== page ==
The biggest threat to this notion is independent investigations.

There is a certain irony that those most opposed to the application of the rule of law now are the very people who controlled and lectured us all about the rule of law during the conflict – or more accurately the misrule of law.

The only way forward is for Article 2 human rights compliant investigations. The PSNI is not the vehicle for this. The HIU is.


WERC – Weapons & Explosives Research Centre was attached to the special branch. This group had first access to weapons, explosives and other materials that were discovered as part of RUC and British army searches. They, along with the British army’s Weapons Intelligence Section (WIS), oftentimes accessed arms dumps, removed weapons, bugged and replaced them. They also tampered with ballistic and forensic evidence in order to protect their agents. They are now called CIFEx and are attached to the PSNI’s crime investigations and Intelligence units C2 & C3.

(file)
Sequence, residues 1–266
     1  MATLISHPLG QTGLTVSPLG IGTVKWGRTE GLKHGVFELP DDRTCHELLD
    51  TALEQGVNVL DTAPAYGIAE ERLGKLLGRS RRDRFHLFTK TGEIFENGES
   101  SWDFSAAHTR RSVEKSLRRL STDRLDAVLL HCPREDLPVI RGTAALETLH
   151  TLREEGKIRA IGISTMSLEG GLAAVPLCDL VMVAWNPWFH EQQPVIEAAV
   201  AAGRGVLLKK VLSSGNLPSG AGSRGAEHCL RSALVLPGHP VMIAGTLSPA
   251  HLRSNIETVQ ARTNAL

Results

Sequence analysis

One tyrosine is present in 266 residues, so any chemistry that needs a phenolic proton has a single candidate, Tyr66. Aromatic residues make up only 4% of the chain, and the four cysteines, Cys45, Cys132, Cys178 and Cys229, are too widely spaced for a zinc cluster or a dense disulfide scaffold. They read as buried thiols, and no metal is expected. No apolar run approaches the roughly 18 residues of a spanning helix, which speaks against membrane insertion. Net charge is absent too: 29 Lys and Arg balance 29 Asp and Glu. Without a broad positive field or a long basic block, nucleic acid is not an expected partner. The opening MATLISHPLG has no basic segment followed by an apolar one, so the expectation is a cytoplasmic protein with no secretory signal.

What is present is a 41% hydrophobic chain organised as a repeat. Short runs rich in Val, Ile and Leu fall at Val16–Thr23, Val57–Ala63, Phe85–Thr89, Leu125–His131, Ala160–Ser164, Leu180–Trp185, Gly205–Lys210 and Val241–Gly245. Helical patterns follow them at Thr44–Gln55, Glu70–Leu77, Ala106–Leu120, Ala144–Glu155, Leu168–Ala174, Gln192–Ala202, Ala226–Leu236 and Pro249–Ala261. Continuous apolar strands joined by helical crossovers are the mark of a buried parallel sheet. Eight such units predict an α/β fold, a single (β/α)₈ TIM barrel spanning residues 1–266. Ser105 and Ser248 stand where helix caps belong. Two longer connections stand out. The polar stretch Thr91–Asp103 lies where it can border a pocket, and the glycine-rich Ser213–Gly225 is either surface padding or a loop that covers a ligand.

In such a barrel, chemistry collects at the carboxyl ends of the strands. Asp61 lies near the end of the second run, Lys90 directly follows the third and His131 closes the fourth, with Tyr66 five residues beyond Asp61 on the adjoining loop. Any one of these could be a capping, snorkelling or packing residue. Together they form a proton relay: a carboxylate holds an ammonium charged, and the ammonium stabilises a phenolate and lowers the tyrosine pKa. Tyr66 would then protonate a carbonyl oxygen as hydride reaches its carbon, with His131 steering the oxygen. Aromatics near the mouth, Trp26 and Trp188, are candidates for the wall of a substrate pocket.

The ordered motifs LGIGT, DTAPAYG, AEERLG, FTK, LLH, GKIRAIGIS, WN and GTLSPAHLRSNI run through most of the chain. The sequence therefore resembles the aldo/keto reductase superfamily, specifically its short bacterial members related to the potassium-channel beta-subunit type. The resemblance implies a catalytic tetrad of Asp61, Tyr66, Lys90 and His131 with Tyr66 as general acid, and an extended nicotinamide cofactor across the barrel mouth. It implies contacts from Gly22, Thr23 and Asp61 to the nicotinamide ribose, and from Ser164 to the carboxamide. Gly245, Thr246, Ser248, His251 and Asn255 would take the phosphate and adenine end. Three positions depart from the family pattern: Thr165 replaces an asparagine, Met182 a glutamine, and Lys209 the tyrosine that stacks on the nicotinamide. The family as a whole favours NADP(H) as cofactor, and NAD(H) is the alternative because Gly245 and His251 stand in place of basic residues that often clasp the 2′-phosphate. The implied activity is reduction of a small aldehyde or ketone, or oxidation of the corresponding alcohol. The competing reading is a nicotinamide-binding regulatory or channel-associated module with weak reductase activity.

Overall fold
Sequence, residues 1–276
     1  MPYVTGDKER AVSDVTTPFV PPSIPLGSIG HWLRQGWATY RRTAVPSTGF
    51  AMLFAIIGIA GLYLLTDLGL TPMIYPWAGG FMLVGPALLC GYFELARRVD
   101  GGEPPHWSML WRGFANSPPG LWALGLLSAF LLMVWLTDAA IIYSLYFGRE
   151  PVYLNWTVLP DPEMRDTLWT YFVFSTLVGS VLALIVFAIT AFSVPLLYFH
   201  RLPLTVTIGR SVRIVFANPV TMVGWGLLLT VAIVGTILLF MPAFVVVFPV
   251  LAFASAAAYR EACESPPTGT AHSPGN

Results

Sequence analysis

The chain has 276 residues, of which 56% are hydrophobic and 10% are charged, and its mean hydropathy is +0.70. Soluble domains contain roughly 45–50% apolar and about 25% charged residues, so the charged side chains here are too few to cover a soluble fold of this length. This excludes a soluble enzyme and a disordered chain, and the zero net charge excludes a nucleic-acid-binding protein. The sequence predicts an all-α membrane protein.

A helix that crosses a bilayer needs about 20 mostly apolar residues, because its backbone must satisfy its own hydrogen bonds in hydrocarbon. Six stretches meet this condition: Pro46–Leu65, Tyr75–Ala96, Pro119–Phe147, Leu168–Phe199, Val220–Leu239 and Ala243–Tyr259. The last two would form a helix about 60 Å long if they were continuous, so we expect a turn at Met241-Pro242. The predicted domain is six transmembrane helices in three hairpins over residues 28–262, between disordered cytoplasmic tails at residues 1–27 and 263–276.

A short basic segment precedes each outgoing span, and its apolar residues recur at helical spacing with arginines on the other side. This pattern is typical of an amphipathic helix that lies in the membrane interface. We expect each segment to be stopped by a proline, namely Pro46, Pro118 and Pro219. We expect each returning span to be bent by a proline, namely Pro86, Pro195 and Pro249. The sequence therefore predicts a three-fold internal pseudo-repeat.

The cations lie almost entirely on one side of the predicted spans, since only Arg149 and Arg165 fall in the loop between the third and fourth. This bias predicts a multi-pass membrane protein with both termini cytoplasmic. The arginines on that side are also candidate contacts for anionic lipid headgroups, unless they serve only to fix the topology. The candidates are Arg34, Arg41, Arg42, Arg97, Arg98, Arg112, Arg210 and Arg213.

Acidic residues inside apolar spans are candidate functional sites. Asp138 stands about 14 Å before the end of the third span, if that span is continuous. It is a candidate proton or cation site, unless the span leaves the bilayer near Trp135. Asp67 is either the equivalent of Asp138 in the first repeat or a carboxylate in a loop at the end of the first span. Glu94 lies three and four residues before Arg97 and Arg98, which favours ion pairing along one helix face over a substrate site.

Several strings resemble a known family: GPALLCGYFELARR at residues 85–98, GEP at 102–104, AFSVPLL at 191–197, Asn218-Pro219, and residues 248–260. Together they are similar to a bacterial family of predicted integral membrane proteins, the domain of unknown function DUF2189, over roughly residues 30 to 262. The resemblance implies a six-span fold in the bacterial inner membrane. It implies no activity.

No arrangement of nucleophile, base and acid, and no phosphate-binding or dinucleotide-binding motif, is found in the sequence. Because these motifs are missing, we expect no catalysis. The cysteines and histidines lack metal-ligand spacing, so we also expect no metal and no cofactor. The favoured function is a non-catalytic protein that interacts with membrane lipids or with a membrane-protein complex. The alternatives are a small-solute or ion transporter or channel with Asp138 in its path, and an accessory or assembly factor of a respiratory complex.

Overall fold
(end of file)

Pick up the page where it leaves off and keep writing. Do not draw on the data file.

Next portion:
HIU – Historic Investigations Unit – an independent investigative unit with full police powers and access to all material evidence and files – agreed by the Irish and British governments, and five main parties, as part of the legacy talks at Stormont House in December 2014.

RMP – Royal Military Police.

Walker Report – Guidelines drawing up by Sir Patrick Walker, former head of MI5 in the North of Ireland, on how the RUC should function in terms of intelligence. This gave supremacy within the RUC to special branch where CID could not process prosecutions without the consent of special branch. This enabled an assessment to be made as to the value of an individual and whether or not they could be recruited instead of being prosecuted.

CID – Criminal Investigations Department within the RUC.

Article 2 – Article 2 of the European Convention on Human Rights (ECHR) is the Right To Life. Signatories to the Convention, of which the UK are, are legally obligated to; (i) take every conceivable measure to protect and preserve life; (ii) that States can only take life in very exceptional circumstances where the force is no more than absolutely necessary with regard to law enforcement authorities; (iii) that when life is taken, and not least by the State or where evidence of State complicity i.e. collusion exists, then there must be prompt, independent and effective remedy by way of investigation to establish the facts and where evidence is found of wrongdoing then those responsible held to account and punished.